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Banking & Finance

Myanmar lures Visa, other foreign credit card issuers

Electronic payments make inroads in cash-based society

A man stands next to a sign advertising foreign credit cards at Yangon International Airport.

YANGON -- Overseas credit card companies are looking to Myanmar as the country shifts from cash to card payments.

U.S.-based Visa teamed up with Myanmar's Co-operative Bank (CB Bank) on Jan. 17 to issue credit cards with limits of between 4 million kyat and 5 million kyat($2,946 and $3,683). Opening accounts at CB Bank will enable customers to use Visa cards at member stores overseas and at about 7,000 hotels and other locations in Myanmar.

It is the first time Visa will issue credit cards in the Southeast Asian country. Since entering Myanmar in 2012, the American company has issued debit cards and processed payments made with credit cards brought in from abroad.

Arturo Planell, country manager of Visa Myanmar, said the adoption of an electronic settlement system will boost the country's growth. On Jan. 25, Visa also started partnering with Kanbawza Bank, Myanmar's largest private bank.

Under Myanmar's military government, Western economic sanctions prevented foreign credit card issuers from entering the market. As domestic banks were also banned from issuing credit cards after the 2008 global financial crisis, people typically pay with cash. Credit cards were mostly used by foreign tourists.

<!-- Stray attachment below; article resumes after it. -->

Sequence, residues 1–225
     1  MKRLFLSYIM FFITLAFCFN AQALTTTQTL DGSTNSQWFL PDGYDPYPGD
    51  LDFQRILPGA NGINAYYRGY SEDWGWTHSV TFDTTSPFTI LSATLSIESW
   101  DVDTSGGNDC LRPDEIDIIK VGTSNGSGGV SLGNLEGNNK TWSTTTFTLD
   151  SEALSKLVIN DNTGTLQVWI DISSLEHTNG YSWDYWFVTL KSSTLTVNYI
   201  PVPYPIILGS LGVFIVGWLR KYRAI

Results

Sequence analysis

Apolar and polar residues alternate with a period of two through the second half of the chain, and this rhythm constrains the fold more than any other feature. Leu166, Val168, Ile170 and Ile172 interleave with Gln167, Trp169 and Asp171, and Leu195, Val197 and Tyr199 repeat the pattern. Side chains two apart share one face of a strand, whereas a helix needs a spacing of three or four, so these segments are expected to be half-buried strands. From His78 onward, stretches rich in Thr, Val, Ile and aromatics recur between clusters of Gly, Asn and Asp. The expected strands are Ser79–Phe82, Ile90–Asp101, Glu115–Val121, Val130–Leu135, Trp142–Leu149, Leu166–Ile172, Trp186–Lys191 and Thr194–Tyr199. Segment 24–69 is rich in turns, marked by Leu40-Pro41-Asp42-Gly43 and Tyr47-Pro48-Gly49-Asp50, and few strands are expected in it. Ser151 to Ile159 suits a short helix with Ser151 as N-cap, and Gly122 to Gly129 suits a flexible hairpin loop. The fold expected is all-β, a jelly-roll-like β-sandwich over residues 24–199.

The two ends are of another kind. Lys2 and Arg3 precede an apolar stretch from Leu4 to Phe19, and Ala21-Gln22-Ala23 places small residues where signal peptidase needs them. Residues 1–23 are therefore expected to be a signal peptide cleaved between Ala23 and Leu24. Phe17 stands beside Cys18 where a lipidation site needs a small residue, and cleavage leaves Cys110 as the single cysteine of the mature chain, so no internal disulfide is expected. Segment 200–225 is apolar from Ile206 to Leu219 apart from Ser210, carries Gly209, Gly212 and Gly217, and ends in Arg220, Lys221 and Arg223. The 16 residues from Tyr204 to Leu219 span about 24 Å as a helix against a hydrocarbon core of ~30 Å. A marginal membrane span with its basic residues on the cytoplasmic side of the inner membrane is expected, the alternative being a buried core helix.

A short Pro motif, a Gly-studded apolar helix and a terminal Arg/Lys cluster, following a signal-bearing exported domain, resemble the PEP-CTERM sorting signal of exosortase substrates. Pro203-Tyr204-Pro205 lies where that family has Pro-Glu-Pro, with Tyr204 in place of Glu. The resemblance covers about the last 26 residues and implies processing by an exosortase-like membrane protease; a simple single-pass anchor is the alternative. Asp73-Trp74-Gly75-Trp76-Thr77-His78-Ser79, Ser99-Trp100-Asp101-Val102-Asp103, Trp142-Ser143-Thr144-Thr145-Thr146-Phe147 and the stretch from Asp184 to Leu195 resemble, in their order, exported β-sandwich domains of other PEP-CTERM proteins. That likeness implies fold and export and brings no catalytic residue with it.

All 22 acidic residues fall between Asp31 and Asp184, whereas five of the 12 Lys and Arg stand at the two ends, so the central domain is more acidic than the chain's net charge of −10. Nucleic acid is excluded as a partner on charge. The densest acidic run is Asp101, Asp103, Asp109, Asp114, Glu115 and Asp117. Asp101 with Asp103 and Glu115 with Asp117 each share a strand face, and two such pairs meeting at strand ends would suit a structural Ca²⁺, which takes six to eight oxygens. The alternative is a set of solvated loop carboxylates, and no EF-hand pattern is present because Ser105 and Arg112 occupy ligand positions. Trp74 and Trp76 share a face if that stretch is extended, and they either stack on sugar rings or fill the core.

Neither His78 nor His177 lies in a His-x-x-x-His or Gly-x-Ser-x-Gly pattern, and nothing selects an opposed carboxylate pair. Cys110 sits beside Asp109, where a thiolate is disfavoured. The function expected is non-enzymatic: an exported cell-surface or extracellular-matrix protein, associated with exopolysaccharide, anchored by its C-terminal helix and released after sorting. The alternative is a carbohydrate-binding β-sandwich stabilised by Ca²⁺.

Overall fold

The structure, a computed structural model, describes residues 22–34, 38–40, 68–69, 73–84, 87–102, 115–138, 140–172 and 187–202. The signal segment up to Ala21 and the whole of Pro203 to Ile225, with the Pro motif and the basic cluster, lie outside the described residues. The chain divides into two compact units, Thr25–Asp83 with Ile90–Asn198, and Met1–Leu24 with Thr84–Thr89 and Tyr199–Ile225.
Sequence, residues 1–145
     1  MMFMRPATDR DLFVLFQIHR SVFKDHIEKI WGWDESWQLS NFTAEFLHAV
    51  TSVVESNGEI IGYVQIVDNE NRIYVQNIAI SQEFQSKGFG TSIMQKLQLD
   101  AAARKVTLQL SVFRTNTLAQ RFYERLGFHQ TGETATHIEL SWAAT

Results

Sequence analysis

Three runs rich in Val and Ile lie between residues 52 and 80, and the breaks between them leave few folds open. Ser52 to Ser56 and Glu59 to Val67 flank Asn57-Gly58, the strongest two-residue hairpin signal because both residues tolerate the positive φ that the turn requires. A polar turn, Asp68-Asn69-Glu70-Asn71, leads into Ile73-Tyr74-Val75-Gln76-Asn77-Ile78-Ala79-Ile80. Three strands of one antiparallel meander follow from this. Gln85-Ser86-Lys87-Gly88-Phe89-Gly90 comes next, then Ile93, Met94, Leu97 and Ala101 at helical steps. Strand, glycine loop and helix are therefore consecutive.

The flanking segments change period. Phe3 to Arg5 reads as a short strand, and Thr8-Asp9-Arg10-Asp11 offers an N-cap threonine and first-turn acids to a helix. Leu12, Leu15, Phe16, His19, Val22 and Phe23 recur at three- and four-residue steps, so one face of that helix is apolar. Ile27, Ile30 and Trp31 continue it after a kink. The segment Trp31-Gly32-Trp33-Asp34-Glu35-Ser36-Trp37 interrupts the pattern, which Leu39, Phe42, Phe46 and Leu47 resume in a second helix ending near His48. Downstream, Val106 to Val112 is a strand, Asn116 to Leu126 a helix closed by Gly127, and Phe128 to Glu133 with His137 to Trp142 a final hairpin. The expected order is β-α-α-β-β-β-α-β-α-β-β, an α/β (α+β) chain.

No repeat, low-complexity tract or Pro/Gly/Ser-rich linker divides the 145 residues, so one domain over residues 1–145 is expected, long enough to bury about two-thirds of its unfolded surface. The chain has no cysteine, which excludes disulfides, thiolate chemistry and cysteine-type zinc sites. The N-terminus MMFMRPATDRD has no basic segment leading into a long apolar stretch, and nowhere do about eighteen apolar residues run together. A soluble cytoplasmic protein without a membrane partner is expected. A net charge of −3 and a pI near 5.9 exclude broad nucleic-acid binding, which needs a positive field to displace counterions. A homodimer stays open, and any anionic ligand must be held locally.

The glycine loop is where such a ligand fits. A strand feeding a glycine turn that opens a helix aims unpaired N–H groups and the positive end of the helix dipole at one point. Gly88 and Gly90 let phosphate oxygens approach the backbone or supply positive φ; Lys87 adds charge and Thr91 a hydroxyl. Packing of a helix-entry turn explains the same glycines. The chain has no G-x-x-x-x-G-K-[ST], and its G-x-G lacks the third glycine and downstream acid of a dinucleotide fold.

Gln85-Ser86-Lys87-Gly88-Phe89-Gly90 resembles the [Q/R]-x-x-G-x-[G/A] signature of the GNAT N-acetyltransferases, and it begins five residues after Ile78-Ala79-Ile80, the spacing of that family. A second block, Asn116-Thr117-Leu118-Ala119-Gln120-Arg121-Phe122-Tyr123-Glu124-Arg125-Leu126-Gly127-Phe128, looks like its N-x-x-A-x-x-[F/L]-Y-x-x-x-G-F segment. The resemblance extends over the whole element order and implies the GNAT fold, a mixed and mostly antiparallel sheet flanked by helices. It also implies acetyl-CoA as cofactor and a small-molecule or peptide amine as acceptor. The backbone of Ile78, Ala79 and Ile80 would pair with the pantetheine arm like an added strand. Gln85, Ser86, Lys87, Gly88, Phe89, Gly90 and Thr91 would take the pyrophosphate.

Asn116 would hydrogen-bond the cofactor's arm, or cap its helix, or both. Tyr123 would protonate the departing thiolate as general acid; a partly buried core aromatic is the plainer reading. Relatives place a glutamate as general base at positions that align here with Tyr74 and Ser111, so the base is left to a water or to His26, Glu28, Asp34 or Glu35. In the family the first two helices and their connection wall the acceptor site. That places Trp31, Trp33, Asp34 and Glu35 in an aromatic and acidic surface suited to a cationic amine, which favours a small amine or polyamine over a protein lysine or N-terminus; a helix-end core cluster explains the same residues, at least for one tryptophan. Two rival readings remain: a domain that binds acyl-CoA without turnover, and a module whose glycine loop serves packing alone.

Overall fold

After the transition to civilian rule began in 2011, the Central Bank of Myanmar and about 20 local banks established Myanmar Payment Union as the national payment network, and banks started issuing debit cards using the system.

Although some domestic banks started issuing credit cards after the central bank eased regulations in 2015, there were many restrictions on usage, such as settlements being limited to domestic companies using the MPU system.

A 57-year-old man who works at an oil company said he now only has a debit card, but he is thinking of getting a Visa card as it will make it easier for him to take advantage of e-commerce, such as online shopping and ticket booking.

Great potential

Other foreign credit card issuers are also eyeing the market. Last August, Japan's JCB partnered with MPU and Ayeyarwady Bank to issue cards. JCB will use MPU's system in Myanmar and its own system overseas.

Last November, the Japanese company also tied up with CB Bank to begin issuing debit cards. It has started talks with several other banks on credit cards.

U.S.-based MasterCard, which ventured into Myanmar's payment service market in 2012, partnered CB Bank last December to issue credit cards as well.

Today, credit cards can be used at hotels, upscale restaurants and many other locations in Myanmar. City Mart Holding, the nation's largest retailer, started accepting credit cards at its major supermarkets in 2016. The company plans to enter online shopping in the first half of this year, with credit cards being the major payment method.

Win Win Tint, managing director of City Mart Holding, said an improved credit card payment infrastructure will help boost its mail order business.


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